May 12th, 2018
The MAXXI (Museo Nazionale delle Arti del XXI Secolo) is a museum of contemporary art and architecture located in the Flaminio district of Rome. The innovative space is wrapped in an ultra-modern envelope designed by Zaha Hadid.
The MAXXI consists of an art gallery, an architecture display space as well as an auditorium, library and media library. Adjoining the museum are a bookshop, cafeteria, and bar/restaurant, all very stylish as well.
The Piazza del Popolo is one of the most important squares of Rome, and takes its name not from the people (‘popolo’) but from poplars, from which the neighboring Santa Maria del Popolo took its name.
The square lies adjacent the former Porta Flaminia, the beginning of the Via Flaminia leading from Rome. Three roads lead in trident fashion past two Baroque churches into the centre of the city (Via del Corso, Babuino and Leonina). The Egyptian obelisk at the centre of the plaza is from the period of Sety I.
The mausoleum of Augustus was built in the Campo Marzio in 28 B.C. The ashes of numerous Roman emperors and dignitaries were stored at the mausoleum. In more recent times it has gone through various incarnations, and is being currently restored.
I continue my walk through the Campo Marzio and Colonna rioni of the Centro Storico.
One of the most reknowned attractions in Rome, the Pantheon was originally a temple commissioned by Marcus Agrippa under the reign of Augustus, then later repurposed as a church.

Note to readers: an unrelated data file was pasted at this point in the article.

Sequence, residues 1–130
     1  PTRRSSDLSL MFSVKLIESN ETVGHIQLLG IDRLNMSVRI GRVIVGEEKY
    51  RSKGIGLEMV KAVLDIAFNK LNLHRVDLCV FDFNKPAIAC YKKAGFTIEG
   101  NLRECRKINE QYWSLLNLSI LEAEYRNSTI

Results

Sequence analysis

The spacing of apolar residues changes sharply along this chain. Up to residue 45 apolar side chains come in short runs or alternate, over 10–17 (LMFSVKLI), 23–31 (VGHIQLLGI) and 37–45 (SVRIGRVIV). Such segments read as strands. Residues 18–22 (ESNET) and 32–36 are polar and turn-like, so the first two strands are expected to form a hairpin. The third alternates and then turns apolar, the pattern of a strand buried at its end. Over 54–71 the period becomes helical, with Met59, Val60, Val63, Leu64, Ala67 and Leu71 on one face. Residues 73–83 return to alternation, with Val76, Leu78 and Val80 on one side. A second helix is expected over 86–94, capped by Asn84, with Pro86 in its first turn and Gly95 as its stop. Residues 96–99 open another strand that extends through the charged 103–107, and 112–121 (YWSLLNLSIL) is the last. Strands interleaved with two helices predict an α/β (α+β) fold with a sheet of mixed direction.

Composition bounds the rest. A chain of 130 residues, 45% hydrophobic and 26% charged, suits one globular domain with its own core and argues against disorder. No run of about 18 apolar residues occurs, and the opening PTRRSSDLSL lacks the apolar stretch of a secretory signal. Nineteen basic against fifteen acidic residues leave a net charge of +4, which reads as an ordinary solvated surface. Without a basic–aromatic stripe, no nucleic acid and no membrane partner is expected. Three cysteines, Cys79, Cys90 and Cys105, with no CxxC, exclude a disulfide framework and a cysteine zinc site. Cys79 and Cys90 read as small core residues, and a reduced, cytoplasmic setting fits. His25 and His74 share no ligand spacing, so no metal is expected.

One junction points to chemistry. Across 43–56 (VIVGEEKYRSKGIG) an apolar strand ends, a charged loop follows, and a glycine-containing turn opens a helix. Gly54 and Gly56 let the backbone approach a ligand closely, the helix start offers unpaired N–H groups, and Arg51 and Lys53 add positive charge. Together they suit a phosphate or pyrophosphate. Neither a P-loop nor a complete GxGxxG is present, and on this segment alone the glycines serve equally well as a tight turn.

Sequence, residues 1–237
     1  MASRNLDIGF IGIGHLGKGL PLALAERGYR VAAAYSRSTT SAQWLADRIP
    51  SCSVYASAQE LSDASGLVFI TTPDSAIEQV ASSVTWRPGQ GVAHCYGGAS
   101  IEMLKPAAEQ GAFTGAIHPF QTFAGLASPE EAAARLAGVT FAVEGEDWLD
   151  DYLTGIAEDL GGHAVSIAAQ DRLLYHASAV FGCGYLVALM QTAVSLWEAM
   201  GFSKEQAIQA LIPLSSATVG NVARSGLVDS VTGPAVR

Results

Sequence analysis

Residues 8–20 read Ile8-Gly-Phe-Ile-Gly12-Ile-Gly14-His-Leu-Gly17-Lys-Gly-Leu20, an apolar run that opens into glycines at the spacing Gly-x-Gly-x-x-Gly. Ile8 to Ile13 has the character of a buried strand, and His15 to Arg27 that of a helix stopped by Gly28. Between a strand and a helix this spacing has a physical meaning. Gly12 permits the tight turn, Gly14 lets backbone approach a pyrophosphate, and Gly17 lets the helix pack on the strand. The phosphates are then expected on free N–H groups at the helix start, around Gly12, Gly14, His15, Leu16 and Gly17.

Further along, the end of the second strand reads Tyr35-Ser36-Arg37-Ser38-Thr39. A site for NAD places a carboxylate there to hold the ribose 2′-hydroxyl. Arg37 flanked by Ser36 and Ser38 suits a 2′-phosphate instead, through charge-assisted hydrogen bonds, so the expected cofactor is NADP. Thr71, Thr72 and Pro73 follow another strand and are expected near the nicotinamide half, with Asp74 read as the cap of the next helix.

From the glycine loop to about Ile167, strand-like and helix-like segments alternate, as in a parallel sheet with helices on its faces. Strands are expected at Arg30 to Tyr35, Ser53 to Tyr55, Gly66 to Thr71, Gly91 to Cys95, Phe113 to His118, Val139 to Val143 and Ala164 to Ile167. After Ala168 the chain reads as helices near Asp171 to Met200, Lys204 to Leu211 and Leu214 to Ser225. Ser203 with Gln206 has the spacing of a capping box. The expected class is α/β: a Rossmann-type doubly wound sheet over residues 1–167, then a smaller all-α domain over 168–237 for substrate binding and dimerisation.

The characteristic shape of the Pantheon is created by the circular stone structure fronted by the columned portico in front. The ceiling of the is coffered, apparently still the world’s largest unreinforced cement dome some two millennia after it was built.
Rome’s Trevi rione assumes a longish shape, stretching from Piazza Venezia to to the southwest, the Diocletian baths just to the east of the northeast corner, Piazza Barberini on the north side of the eastern tip, the Quirinale presidential palace on the central southern border, and in the dead centre, the Fontana di Trevi, one of the biggest tourist attractions in the city.
The Trevi fountain is the largest Baroque fountain in Rome and probably one of the most famous fountains in the world. The design of the fountain was commissioned by Pope Urban the VII. The fountain was completed by a number of different artists using mostly Travertine stone from the vicinity of Rome, and was finally finished a century and a half later, in the mid 18th century.
Pigna is Rome’s 9th rione, and a very small one at that. It is bordered in the northwestern corner by the Pantheon, Piazza Venezia to the southeast. The rione was named after a large bronze pine cone on a fountain next to a temple of Isis in the area.
The Piazza della Minerva centres upon a statue of an elephant created by Bernini in 1667, supporting an ancient obelisk. The square is named after a temple built originally to Minerva.
The Largo di Torre Argentina centres on an excavated site on which four temples were located in the time of Republican Rome, in addition to Pompey’s theatre, where Julius Caesar was allegedly murdered.
The day’s journey through Rome’s Centro Storico ends with a walk along the elegant Via Giulia, a focal point of the city during the Renaissance, and to this day a highly desirable address.